Author : Leo Tolstoy
Translator : Nathan Haskell Dole
The moon had quartered; and her narrow band poured a mild light on Kholstomír, standing in the middle of the yard, with the horses clustered around him.
"The principal and most surprising consequence to me of the fact that I was not the property of the count nor of God, but of the equerry," continued the piebald, "was that what constitutes our chief activity—the eager race—was made the cause of my banishment. They were driving Lebedi around the ring; and a jockey from Chesmenka was riding me, and entered the course. Lebedi dashed past us. He trotted well, but he seemed to want to show off. He had not that skill which I had cultivated in myself; that is, of compelling one leg instantly to follow on the motion of the other, and not to waste the least degree of energy, but use it all in pressing forward. Lebedi dashed by us. I entered the ring: the jockey did not hold me back.
"'Say, will you time my piebald?' he cried; and when Lebedi came abreast of us a second time, he let me out. He had the advantage of his momentum, and so I was left behind in the first heat; but in the second I began to gain on him; came up to him in the drozhsky, caught up with him, passed beyond him, and won the race. They tried it a second time—the* same thing. I was the swifter. And this filled them all with dismay. The general begged them to send me away as soon as possible, so that I might not be heard of again. 'Otherwise the count will know about it, and there will be trouble,' said he. And they sent me to the horse-dealer. I did not remain there long. A hussar, who came along to get a remount, bought me. All this had been so disagreeable, so cruel, that I was glad when they took me from Khrénova, and forever separated me from all that had been near and dear to me. It was too hard for me among them. Before them stood love, honor, freedom; before me labor, humiliation,—humiliation, labor, to the end of my days. Why? Because I was piebald, and because I was compelled to be somebody's horse."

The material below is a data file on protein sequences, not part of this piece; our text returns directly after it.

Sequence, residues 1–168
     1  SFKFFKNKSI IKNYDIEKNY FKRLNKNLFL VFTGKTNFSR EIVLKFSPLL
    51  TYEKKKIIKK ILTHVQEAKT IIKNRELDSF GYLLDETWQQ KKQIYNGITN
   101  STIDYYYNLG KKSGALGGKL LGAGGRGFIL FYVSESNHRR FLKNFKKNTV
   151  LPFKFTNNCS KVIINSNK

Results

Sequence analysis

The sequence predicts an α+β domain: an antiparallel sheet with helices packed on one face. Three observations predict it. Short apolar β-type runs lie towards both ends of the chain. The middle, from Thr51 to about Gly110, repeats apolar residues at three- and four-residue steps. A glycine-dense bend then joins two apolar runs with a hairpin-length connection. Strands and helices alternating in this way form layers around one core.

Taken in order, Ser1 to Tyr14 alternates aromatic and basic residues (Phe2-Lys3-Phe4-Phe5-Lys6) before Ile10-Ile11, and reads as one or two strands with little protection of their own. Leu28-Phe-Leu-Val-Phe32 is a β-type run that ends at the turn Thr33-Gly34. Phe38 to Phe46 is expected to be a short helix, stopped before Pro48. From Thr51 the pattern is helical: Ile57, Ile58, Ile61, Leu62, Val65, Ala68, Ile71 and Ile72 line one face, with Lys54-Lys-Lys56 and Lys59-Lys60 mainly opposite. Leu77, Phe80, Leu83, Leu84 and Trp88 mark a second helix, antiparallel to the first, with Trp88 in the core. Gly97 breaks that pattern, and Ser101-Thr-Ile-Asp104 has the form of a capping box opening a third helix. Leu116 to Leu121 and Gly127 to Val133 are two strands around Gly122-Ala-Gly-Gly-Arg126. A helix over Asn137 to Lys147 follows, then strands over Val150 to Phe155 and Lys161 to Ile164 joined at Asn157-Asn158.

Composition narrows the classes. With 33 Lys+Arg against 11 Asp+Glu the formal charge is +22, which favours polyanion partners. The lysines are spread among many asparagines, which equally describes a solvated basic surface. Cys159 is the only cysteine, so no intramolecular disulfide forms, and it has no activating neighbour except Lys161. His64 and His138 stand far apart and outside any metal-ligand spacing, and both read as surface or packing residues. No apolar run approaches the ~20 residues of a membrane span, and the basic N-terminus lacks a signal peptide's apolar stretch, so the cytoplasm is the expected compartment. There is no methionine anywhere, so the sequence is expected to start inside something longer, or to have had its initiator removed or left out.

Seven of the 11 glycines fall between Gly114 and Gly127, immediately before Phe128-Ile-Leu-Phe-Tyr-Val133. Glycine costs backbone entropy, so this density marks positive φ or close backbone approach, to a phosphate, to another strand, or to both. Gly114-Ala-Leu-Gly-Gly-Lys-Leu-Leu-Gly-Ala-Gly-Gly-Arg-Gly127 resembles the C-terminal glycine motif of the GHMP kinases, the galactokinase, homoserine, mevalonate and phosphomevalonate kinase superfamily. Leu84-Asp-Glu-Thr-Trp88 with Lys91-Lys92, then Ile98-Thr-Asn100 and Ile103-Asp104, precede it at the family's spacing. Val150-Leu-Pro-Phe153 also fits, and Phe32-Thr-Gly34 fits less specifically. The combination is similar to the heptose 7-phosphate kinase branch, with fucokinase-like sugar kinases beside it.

(Source: Published by Thomas Y. Crowell & Co., New York, 13 Astor Place, 1887.)
From : Gutenberg.org.
November 30, 1886 : Part 4, Chapter 7 -- Publication.
June 09, 2021 : Part 4, Chapter 7 -- Added to https://www.RevoltLib.com.
June 09, 2021 : Part 4, Chapter 7 -- Last Updated on https://www.RevoltLib.com.
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